People keep trying the phrase “trialogue,” but it never
catches on. There must be something
naturally infelicitous about it. Added fun:
When people want to put you on your heels by trying to explain things in
terms of dialectic, whether Hegelian or Marxist – and usually
understanding neither – you can even the imbalance by prefering to discuss in
terms of a dialogic understanding. It has several meanings, none of them
very clear, so you can pretty much call it what you want.
John F. Kennedy, CS Lewis, and Aldous Huxley died within a
few hours of each other in November of 1963.
Peter Kreeft’s novel, Between Heaven and Hell is an imagined
conversation between three of them immediately after “somewhere beyond
death.” I mention it here because it is
a three-way conversation among the atheist Huxley, the humanist Kennedy,
and the Christian Lewis. (Yes, I recognise that Kennedy was a theist, but his
approach, behavior, and philosophy were all human-centered in practice.) Alliances between them would shift in different
phases of the argument: the rigorous and
classically trained Huxley and Lewis would ally against some premise of
Kennedy’s they felt was hopelessly naïve and long since disproven; later,
Huxley and Kennedy would be allied against Lewis, or Lewis and Kennedy against
Huxley on one point or another. Finally,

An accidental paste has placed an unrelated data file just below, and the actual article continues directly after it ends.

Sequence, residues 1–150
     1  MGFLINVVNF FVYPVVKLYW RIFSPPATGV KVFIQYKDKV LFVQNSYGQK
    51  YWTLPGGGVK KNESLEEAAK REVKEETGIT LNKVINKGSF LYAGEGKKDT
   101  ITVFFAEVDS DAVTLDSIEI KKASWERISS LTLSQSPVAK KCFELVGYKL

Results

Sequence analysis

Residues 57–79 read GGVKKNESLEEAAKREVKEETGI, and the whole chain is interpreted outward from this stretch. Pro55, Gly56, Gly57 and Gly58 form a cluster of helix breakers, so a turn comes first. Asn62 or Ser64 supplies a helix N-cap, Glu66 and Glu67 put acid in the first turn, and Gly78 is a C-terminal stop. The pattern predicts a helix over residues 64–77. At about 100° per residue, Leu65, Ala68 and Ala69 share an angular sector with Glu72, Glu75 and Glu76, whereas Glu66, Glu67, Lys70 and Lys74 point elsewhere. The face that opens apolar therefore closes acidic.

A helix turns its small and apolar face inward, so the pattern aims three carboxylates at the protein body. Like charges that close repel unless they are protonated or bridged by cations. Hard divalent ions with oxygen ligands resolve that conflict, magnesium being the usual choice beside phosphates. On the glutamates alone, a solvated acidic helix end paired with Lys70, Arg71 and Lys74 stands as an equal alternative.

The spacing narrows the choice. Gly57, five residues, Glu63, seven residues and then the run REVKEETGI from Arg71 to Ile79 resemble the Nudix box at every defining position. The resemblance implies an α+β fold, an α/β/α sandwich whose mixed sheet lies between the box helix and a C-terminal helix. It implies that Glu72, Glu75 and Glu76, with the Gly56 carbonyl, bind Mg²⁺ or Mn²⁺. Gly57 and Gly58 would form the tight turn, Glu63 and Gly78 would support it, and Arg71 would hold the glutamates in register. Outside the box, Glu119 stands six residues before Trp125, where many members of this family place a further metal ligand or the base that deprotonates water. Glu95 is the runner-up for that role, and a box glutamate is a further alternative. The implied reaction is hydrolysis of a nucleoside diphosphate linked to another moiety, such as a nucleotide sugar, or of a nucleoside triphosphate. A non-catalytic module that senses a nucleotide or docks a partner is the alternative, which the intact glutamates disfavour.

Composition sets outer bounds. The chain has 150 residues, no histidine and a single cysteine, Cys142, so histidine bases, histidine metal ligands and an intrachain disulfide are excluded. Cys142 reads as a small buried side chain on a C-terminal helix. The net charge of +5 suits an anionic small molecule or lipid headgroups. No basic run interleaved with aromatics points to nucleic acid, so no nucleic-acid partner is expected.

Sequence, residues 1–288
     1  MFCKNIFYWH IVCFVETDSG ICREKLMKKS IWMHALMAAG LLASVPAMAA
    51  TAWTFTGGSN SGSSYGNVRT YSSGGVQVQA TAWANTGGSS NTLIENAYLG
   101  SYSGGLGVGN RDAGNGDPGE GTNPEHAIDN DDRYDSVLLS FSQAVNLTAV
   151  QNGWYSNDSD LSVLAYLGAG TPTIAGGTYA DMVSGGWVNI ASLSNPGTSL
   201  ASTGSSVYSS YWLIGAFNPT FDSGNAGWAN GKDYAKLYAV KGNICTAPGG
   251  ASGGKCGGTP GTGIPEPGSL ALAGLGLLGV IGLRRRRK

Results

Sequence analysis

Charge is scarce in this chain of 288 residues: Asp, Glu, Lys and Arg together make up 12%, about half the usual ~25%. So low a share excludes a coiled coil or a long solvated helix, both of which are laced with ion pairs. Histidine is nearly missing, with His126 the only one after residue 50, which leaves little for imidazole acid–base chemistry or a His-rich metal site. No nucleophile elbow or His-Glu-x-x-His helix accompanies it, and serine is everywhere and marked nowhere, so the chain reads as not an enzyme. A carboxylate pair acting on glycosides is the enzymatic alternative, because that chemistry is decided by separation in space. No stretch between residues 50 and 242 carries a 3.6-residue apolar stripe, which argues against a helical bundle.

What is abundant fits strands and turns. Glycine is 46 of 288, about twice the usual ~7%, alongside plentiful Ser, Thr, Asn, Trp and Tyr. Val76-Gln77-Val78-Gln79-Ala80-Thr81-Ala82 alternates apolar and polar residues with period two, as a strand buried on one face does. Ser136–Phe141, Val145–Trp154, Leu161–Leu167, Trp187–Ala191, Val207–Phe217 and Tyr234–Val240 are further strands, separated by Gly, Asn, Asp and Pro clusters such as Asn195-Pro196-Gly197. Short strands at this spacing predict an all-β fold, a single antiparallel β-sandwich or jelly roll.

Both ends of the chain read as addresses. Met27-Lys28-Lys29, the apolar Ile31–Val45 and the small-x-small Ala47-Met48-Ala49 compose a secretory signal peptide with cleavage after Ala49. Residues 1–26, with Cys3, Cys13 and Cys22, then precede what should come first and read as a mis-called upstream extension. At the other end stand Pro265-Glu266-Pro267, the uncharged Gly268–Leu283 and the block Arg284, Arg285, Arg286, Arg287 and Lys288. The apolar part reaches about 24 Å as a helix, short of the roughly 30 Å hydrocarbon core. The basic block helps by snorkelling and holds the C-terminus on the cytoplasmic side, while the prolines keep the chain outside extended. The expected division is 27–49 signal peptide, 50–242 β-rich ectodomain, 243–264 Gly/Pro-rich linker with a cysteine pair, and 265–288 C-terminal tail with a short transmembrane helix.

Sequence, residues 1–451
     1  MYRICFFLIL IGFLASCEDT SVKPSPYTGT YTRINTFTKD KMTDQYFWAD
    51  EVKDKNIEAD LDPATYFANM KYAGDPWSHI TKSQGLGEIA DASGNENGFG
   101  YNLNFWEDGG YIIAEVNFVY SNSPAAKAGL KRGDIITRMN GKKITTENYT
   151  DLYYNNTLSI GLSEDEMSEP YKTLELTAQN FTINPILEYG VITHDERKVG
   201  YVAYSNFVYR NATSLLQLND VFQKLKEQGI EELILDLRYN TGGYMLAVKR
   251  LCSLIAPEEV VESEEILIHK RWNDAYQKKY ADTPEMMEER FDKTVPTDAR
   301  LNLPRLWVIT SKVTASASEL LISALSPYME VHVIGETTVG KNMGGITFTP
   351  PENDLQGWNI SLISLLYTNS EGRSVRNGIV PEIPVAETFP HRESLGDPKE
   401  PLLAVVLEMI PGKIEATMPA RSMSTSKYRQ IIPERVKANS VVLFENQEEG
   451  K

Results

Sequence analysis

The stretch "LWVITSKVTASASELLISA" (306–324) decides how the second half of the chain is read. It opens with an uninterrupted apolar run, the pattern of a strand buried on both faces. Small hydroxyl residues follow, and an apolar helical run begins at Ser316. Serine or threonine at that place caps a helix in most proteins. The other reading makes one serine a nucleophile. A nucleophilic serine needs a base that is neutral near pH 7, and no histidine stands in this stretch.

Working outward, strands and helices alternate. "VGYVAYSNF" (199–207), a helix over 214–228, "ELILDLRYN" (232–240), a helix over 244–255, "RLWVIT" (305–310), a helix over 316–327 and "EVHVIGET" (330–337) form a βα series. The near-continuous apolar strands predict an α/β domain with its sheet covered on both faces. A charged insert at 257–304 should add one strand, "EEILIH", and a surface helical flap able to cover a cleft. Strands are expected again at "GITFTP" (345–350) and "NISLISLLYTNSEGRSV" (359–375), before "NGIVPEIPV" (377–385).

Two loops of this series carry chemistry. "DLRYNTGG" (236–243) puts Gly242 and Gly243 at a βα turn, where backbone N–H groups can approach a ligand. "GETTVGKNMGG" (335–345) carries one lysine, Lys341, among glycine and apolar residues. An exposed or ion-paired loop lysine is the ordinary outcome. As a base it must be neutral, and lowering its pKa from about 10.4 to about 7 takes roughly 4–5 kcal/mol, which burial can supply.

there were places in the argument where all three stood alone, finding no
common ground with either of the other. It’s a lot of fun. Kreeft favors Lewis, but is a fairly honest
broker – and the three he writes about were fairly honest brokers themselves,
giving credit to other points of view when due.
We tend to regard meaning of life debates as being between
believers and nonbelievers.
Novak’s No One Sees God
, while giving some mention of varieties within
each group (at least six types of atheist, for example, he lists here
makes a sharp dual split rather explicitly.
With the emergence of the New Atheists, and this week’s Rally for
Reason, this tendency has become even more pronounced in the popular
discussion. There are the Real Scientists and Intellectuals on the nonbeliever
side; the Christians, Moslems, Animists and whatever among the believers, each
tugging on those in between, who lean this way and then that.
Reading recently in the social theorists, the
existentialists, the occasional physicist, and the absurdists, I think it’s at
least a three-way argument, with shifting alliances. Dawkins and Hitchens have
painted themselves and the nonbelievers as the true heirs of the Enlightenment,
conveniently ignoring quite a few problems with that. Retriever sent me a bit of Kierkegaard last
week, which reminded me that existentialist philosophers had the Enlightenment
well under assault – the atheist Nietzsche and Soren the believer – well before
the 20th C was even under way. (Reminder: surprising how many existentialists
turn out to be theists of some sort, I noted decades ago. Christians tend to be suspicious even of
their own in this, and don’t mention them so much. It’s not just the atheists